Thursday, June 30, 2016

Constructing Cutlery

The materials used in knife making is a topic of conversation, that is quite open to the imagination. Virtually every solid has been shaped into the form of knife for at least curiosity, if not practical use. Iron, copper, nickel, gold, glass, bone, stone, plastic and ceramics have all been used for blades. Some of the intrigue in knife making is finding even more exotic or outlandish materials to use, such as meteoric metals or fossilized scales. The reasons for making a specific style of knife can be just as varied as the material. From a working knife, that can perform an intended purpose or a custom artwork specifically suiting a personal taste. Even the smaller details such as pins, scales, pommels and hilts come in endless variety. To build a knife is a marvelous process that can be as simple or involved as the one crafting it. 

Wednesday, June 22, 2016

No Train=No Gain=More Pain



Knife combat; it's vicious, lethal and looks pretty BA in the movies. But in real life it is absolutely no laughing matter. Carrying a knife for self defense can make a person feel safer, but if you have no experience using a blade, then the feeling will be fleeting in a struggle. Anyone who carries a knife for defense; needs to know how to use it, preferably without getting cut during the learning process. Training or practice knives are the best tools for safe instruction. Made of plastic, wood, rubber or even thick steel, these knives are left blunt and rounded to ensure no one gets cut or stabbed. At the same time, training knives provide a solid grip, feel and weight, accurate to that of a real knife. With numerous styles of knives available there are also numerous styles of training knives, so that the users can find a practice tool that is close to their actual carry blade.

Wednesday, June 15, 2016

Notes on Military Swords



  1. Gifted as praise to Lieutenant Presley O'Bannon in 1805, the Mameluke was officially adopted by the Marines in 1825.
  2. The Marine NCO or Non commissioned Officers sword was adopted in 1859. Distributed by Colonel John Harris to officers who had demonstrated exceptional leadership skill in combat.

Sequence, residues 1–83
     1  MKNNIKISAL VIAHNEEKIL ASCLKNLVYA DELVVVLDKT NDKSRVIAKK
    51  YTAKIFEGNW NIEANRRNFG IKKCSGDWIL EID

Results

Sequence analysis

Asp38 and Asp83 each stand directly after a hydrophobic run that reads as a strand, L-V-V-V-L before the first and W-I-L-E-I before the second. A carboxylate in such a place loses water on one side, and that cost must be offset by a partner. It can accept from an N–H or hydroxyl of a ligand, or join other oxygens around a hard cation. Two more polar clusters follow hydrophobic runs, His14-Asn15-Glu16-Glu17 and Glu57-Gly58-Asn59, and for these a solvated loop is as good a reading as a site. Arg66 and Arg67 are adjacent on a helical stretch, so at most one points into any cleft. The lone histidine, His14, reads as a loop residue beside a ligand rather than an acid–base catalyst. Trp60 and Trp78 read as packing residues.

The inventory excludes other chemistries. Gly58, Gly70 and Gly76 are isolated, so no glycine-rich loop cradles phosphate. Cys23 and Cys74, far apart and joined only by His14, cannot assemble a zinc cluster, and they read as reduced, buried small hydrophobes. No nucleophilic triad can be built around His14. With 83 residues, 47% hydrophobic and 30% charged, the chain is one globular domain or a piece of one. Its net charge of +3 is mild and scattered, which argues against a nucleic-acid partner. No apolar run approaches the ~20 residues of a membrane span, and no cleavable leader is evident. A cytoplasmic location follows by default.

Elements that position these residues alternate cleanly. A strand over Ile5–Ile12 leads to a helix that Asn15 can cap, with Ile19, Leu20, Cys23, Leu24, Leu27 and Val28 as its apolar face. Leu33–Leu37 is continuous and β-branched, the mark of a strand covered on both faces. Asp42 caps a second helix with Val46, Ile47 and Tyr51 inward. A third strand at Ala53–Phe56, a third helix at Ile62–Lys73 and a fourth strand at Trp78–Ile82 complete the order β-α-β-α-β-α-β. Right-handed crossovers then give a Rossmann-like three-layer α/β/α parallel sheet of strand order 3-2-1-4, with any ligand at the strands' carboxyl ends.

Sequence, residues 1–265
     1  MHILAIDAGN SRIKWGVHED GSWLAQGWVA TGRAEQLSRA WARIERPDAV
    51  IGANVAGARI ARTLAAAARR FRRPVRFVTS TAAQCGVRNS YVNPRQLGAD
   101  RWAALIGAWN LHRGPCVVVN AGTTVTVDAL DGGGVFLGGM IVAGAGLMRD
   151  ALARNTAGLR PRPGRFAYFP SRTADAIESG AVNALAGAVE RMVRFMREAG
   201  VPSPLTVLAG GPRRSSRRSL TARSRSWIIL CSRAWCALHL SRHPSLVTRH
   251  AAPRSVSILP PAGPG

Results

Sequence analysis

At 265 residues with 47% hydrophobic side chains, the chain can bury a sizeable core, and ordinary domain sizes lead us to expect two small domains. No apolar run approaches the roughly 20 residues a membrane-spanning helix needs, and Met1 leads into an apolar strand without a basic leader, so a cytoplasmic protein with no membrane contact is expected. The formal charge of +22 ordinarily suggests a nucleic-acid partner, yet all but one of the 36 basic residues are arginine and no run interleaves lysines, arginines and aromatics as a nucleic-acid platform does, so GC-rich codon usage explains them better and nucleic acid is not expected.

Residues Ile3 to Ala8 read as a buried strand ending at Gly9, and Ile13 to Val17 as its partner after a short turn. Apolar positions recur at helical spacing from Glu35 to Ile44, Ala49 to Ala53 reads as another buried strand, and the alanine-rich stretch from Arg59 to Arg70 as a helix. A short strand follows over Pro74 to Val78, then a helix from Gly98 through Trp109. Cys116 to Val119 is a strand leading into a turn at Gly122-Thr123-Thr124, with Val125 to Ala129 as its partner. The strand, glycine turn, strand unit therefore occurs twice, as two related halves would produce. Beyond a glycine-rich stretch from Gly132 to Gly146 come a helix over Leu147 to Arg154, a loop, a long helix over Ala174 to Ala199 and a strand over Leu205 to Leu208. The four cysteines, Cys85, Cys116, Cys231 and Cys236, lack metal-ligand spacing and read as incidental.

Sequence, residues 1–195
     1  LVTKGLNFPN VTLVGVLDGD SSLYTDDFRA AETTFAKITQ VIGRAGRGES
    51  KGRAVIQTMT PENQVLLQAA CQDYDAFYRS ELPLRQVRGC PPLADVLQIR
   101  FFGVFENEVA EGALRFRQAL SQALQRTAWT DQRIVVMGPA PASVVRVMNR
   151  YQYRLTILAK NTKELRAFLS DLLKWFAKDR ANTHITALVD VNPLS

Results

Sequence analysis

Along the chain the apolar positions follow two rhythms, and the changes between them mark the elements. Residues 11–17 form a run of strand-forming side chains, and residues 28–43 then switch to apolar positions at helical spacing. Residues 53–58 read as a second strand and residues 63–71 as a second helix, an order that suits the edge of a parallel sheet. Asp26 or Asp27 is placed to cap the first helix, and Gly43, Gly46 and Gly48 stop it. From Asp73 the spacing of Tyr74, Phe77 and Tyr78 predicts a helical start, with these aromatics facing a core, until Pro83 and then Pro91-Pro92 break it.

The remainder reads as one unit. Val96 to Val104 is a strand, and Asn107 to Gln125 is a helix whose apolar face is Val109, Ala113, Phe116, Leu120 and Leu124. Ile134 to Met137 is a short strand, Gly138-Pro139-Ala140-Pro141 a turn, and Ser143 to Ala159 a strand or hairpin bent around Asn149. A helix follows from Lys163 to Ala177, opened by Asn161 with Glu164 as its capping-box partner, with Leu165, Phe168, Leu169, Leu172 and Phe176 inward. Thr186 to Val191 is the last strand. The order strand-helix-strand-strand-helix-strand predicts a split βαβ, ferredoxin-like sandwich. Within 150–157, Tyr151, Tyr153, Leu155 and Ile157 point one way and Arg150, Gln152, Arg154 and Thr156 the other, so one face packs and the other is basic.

3. The Air Force sword was originally the same as the Army NCO sword. With time, a custom ceremonial sword was made to differentiate.
  4. The Navy Sword was of such a popular design, with it's intricate guard and simulated ray skin grip, that it was also adopted by the Coast Guard. The only difference between the two is the branch name on the guard.
  5. The Model 1840 Army NCO sword has its date of origin right in the title. Having 1000 of them ordered on the first run.
  6. Most military swords are now considered strictly ceremonial and only used as dress swords for specific functions. But they still look and make you feel great!

Sunday, June 12, 2016

FLAG ETIQUETTE AND STANDARDS OF HONOR


"I am what you mak­­e me; nothing more. I swing before your eyes as a bright gleam of color, a symbol of yourself."
-The Flag, in a vision to Franklin K. Lane, Secretary of the Interior, as recited on the Flag Day of 1914
What one does to the flag, he does it to his nation, and this necessitates ‘The Flag Code’ which standardizes and formalizes the treatment and usage of the Flag:

  • The Flag, when on display, should be appropriately illuminated by artificial light sources or the sun.
  • The Flag is flown at half-staff only under special circumstances- mourning, and for half of the Memorial Day. It should never be allowed to touch the ground while lowering, which needs to be steady and formal, and should be raised briskly.
  • The Flag can be flown upside down only in emergency situations. It should never be dipped down for any person, flag, vessel or thing.
  • The flags of other states and local communities are flown lower than the National Flag, whether on the same or different poles, and in such a case, the National Flag is the first to be raised and last to be lowered.  When flown with those of other nations, each of them, of the same size, is raised to the same height, and lowered, simultaneously on independent poles.
  • The Flag is maintained to the left of the observer- during marching ceremonies and parades, when displayed in a row, and when displayed on any flat surface horizontally or vertically (in this case, the union or the blue field of stars remains uppermost).
  • The Flag should never be tampered with, or marked with symbols, marks, advertising signs, logos and drawings of any kind. It should not be used as a symbol on, or as, a handkerchief, curtain, drapery, receptacle or costume. The only permitted use of a flag patch is in the uniform of personnel of armed forces, government services, and patriotic organizations.
  • Everyone salutes the Flag in attention- persons in uniform pay a formal/ military salute and those otherwise, salute by placing their right hand over the heart and with their head cover if any, held to the left shoulder- upon command. 
  • The Pledge of Allegiance and the National Anthem are both rendered facing the flag, in attention and salute.
  • The flag should be stowed, maintained and cleaned appropriately. When it can no longer serve as the Flag, it should be completely destroyed by honorable burning and the ashes buried.